20. There’s so much more room for redemption and forgiveness in this world. One of my greatest fears is having my past mistakes haunt me, or that I’ll do something people won’t forgive. This paranoia wreaks havoc on my life sometimes, making me feel out of control. What soothes me in my time of distress, however, is realizing that if my mother, if my best friend, if my brother, if my closest aunt can forgive me… then that’s all that matters. I asked my mother yesterday if she’d still accept me if I got famous and had a big scandal come up and destroy my life. My mother looked at me and said, “Oh please, that’s nothing. Yes, I’d accept you no matter what. You’re a good person and that’s what counts. People will always have things to say, both good and bad, and if you’re improving your life then that’s all that matters.” … I was so truly happy and grateful in that moment to have a mother like this. She knows my past, and she’s a tough cookie with high standards, and if she can so easily accept and forgive me, so can I.

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21. Everyone is right in their own way and everyone has a point. In a world where we have figures like Donald Trump actively dividing the country, it can be challenging to see the truth in this, but I truly believe that everyone has a core point of view that comes from a truthful, intelligent perspective—If not in their politics, about something else. For example, I come from a pretty traditional Indian Hindu home. On one hand, I see the point of view of someone who stays clear of alcohol, who does yoga and has strong spiritual practices and is a vegetarian – I really respect those values tremendously. However, I also love drinking beers and eating junk food with my family and see the joy and closeness this ritual brings us. All I’m saying is we’re all right about different things in different ways and we have a lot to learn from each other.

22. It’s better to procrastinate out of laziness rather than fear.  I learned this after reading Big Magic, by Elizabeth Gilbert. If you’re avoiding doing things because you don’t feel like it, because you’re tired, or uninspired: fine. Not perfect, but fine. But if it’s because you’re scared, then that’s something that you need to overcome. And fast. I find that I always shy away from creative projects because I’m fearful of so many things – peoples’ judgments, others have already done it before, I’ll be shamed, I might say something wrong… That’s just no way to live. That’s why I’ve kind of neglected this blog and so many other projects.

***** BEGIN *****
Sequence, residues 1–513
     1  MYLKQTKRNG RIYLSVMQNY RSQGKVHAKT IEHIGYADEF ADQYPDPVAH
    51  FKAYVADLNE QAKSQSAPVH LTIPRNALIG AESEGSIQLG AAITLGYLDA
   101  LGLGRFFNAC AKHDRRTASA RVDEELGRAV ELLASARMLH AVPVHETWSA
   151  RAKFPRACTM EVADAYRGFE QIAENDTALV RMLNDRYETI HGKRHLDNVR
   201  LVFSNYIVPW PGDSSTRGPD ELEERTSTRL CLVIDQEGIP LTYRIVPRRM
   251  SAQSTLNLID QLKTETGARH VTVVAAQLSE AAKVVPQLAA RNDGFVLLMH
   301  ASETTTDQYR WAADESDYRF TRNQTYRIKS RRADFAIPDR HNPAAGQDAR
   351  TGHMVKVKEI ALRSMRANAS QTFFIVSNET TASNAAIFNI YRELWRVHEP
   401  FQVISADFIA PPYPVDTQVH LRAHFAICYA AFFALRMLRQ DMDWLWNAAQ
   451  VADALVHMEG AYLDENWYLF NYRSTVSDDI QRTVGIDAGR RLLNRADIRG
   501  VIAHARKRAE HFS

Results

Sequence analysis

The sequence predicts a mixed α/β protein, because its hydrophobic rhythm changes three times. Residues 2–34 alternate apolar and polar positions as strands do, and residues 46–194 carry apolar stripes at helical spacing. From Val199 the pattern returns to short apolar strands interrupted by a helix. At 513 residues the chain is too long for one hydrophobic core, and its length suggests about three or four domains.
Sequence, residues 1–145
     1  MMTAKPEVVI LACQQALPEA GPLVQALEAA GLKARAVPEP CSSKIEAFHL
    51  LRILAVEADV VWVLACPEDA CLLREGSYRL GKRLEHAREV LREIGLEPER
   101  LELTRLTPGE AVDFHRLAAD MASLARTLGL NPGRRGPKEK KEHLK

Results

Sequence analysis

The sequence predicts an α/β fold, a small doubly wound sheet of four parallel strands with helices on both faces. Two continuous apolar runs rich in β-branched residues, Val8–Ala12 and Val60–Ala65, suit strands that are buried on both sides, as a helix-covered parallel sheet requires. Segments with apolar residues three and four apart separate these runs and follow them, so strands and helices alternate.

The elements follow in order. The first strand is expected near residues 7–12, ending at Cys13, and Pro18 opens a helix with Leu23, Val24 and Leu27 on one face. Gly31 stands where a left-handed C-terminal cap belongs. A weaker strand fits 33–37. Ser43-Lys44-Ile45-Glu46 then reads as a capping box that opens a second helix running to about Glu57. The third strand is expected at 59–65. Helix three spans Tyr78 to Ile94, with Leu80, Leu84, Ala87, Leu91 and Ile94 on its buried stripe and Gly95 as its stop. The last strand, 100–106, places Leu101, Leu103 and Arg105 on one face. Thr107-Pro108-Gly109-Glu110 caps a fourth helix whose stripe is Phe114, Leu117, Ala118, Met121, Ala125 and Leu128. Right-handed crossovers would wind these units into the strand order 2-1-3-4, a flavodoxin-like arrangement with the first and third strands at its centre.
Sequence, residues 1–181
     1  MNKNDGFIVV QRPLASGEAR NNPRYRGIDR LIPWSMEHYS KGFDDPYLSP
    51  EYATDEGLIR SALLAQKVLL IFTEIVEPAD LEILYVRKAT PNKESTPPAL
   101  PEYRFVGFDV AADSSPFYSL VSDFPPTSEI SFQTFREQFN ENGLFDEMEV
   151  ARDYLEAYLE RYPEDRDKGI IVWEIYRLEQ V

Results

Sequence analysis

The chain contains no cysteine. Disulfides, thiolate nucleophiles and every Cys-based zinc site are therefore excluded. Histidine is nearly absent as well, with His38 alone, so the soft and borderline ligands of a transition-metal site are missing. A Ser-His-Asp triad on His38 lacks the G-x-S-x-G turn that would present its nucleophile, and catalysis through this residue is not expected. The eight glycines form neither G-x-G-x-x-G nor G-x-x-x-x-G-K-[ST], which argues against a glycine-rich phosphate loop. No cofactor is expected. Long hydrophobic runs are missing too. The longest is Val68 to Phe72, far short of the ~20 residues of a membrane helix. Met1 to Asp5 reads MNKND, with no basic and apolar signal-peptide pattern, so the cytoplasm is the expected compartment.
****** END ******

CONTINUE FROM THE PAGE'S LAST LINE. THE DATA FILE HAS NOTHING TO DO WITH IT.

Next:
23. There’s no such things as leagues. Stay away from anyone who rates people. Ugh. Enough said. Whenever I hear someone rank someone by a number, it makes me sick and reminds me of my looks-obsessed teenage years. Embarrassing.

24. Practice gratefulness. Every time I’ve had a beautiful experience occur to me, it’s because I was in a grateful mental space. It’s crazy how this works, but it’s so true. Whenever I despair, I seem to get more things than ever to feel bad about. More sh*t goes wrong, or at least seems that way, and it zaps the energy out of me. However, whenever I practice gratefulness (or even try), that totally changes. Even if it’s a small practice of writing 3 things down every night – even if I actually FEEL grateful or not, the intention behind it always seems to change the course of my life for the better. I say, give it a shot. It’s the magic elixir, as Marie Forleo says, of making things happen.

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25.It is always okay to break up with someone. I mean, ALWAYS. I think yes, we are in a time and place where people don’t sacrifice as much for their romantic relationships. But I’ve seen people stay in crappy relationships so many times that I realize… that’s not such a bad thing. So what if you’ve neglected your relationships to pursue your career, or your art? I don’t think there’s ANYthing wrong with that, unless it doesn’t make you happy, or you’re operating on fear. Also, people come with baggage and all of us have the capacity to hurt each other. It’s okay to opt-out of that in the process of self-actualization.